Messiah! The people were waiting for Him, the prophets searching intently, for all had staked their hopes on this Anointed One who was to come. He would be their Savior, their deliverer, their “God with us.” Yet somehow, those who sought Him missed Him. He came, just as He promised, but they did not recognize Him, this One sent from God. How does this happen? How could this possibly be?

Perhaps it was because when Jesus entered the world of His creating that first Christmas night—humbly stepping into human flesh for a specific time and a specific purpose—He focused on what really was important: others. Think about it, if the Christ1 had come in majestic splendor, could He have lived and taught among the people, caring for them with acts of compassion and opening Himself up to them with words of truth and love? Were He to dress in royal robes and adorn Himself in silver and gold, could He have shown us to how to give ourselves in humility for others? Had Jesus seated Himself aloft on golden thrones, how far would He have to had to have stooped to wash the soiled feet of others? And had He lived aloof from others, could He have bidden them, “Come to me all you who are weary and burdened, and I will give you rest”?2

The apostle Paul tells us that Jesus, though being in very nature God, “did not consider equality with God something to be used to his own advantage; rather, he made himself nothing by taking the very nature of a servant, being made in human likeness. And being found in appearance as a man, he humbled himself by becoming obedient to death—even death on a cross!”3 You see, Jesus showed His genuine heart for us by becoming just like us—not merely in human form with flesh and blood, but by being like us, truly like us. Born with no fanfare. The son of a laborer. A servant. Not as one who tells others what to do, but as one who models what to do. Nothing phony, nothing fake; just real, the kind of person who earns our trust.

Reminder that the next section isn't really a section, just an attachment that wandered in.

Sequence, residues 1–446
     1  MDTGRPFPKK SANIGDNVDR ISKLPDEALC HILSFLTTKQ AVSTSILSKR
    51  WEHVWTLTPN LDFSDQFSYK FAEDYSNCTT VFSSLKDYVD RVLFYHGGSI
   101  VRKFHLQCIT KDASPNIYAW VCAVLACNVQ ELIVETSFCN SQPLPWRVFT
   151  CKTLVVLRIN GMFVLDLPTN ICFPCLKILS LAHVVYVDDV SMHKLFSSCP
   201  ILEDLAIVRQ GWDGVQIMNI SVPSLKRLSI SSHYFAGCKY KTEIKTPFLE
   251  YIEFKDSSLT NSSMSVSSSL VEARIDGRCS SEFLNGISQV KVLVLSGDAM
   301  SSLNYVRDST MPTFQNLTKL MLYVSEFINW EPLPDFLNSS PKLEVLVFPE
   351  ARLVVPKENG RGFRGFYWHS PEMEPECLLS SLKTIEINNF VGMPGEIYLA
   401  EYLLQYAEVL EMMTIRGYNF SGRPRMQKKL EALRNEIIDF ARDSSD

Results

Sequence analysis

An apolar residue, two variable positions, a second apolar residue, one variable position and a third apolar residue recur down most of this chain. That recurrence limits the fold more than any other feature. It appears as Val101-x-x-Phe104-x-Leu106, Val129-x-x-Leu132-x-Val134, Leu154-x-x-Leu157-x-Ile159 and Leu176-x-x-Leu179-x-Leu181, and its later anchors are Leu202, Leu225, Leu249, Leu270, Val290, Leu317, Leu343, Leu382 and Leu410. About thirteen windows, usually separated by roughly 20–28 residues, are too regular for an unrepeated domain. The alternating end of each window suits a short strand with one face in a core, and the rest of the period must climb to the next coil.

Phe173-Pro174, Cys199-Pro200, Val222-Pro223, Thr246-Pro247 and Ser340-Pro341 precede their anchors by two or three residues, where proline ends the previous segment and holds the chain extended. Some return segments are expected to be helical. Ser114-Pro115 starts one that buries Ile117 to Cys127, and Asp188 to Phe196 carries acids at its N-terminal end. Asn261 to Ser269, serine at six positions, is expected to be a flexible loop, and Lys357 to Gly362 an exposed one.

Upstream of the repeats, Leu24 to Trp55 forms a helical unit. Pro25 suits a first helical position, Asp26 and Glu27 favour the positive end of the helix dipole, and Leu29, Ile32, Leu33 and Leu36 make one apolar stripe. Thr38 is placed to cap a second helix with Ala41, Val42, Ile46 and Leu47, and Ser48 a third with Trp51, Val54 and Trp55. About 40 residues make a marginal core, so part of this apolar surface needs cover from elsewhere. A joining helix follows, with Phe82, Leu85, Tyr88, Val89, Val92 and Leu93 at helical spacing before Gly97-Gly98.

In fact, Jesus is the One we can trust. He’s shown it. He’s lived it. And two thousand years later, He is still calling us to Himself—to be forgiven and live forgiven, to entrust our broken life to Him in whom we have eternal life, and to take this love of God and share it with others.

This Christmas Day and every day, may we say “yes” with grateful lives, so all may see this Savior, this deliverer, this “God with us.”

Merry Christmas, everyone!

Christ in me is salvation.

1 “Christ” is the Greek word for the Hebrew word, “Messiah,” and the English term, “Anointed One.”
2 Matthew 11:28
3 Philippians 2:6-8


He Showed Us How

John didn’t get it. Who could blame him? As Jesus approached him at the Jordan River, all the Baptizer could muster was a humble inquiry rooted in puzzlement: “I need to be baptized by you, and do you come to me?” It was necessary, however, for the One who came from God to consecrate Himself to God, so as John baptized Jesus, the Father thundered His approval and the Spirit descended upon the Son. God was there in His fullness; Jesus’ work on Earth had begun.

We know why Jesus came—to redeem a people separated from God by sin. We know what He taught us what to do—love God with all we have and love others as we love ourselves (the entire law is wrapped up in these). But one thing that escaped me all these years is this: Jesus also modeled for us how to live reborn lives. Consider the ways He lived with and in the Holy Spirit of God. As Isaiah foretold, God put His Spirit in this long-promised Messiah,1 and in fact, the Spirit lived in Him.2 Jesus was taught by the “Spirit of wisdom … understanding … [and] knowledge,”3 also as Isaiah prophesied, and the Spirit led Jesus4 while He went about His Father’s work. Astoundingly, it was by the power of the Spirit that Jesus was raised from the dead.5 All of this commencing from the baptism at the Jordan, when the Spirit of God alit on the Son of God.